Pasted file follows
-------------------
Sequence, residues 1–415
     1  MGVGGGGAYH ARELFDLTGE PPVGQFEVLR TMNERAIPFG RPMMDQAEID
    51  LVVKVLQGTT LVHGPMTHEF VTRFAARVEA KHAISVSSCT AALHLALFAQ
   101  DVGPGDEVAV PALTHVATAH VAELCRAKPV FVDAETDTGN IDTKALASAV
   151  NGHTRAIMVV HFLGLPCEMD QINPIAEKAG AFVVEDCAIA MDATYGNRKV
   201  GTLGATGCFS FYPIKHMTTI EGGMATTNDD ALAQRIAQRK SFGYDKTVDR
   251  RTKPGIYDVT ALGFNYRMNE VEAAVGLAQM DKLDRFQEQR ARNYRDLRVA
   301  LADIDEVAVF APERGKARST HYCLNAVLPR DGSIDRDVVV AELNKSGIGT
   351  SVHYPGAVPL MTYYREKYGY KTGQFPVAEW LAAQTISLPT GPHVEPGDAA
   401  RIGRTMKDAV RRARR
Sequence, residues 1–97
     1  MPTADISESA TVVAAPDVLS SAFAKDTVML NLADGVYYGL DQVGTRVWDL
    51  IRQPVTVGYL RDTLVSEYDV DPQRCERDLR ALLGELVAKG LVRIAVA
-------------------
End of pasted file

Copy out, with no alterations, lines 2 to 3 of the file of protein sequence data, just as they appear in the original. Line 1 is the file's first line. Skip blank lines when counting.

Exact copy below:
     1  MGVGGGGAYH ARELFDLTGE PPVGQFEVLR TMNERAIPFG RPMMDQAEID
    51  LVVKVLQGTT LVHGPMTHEF VTRFAARVEA KHAISVSSCT AALHLALFAQ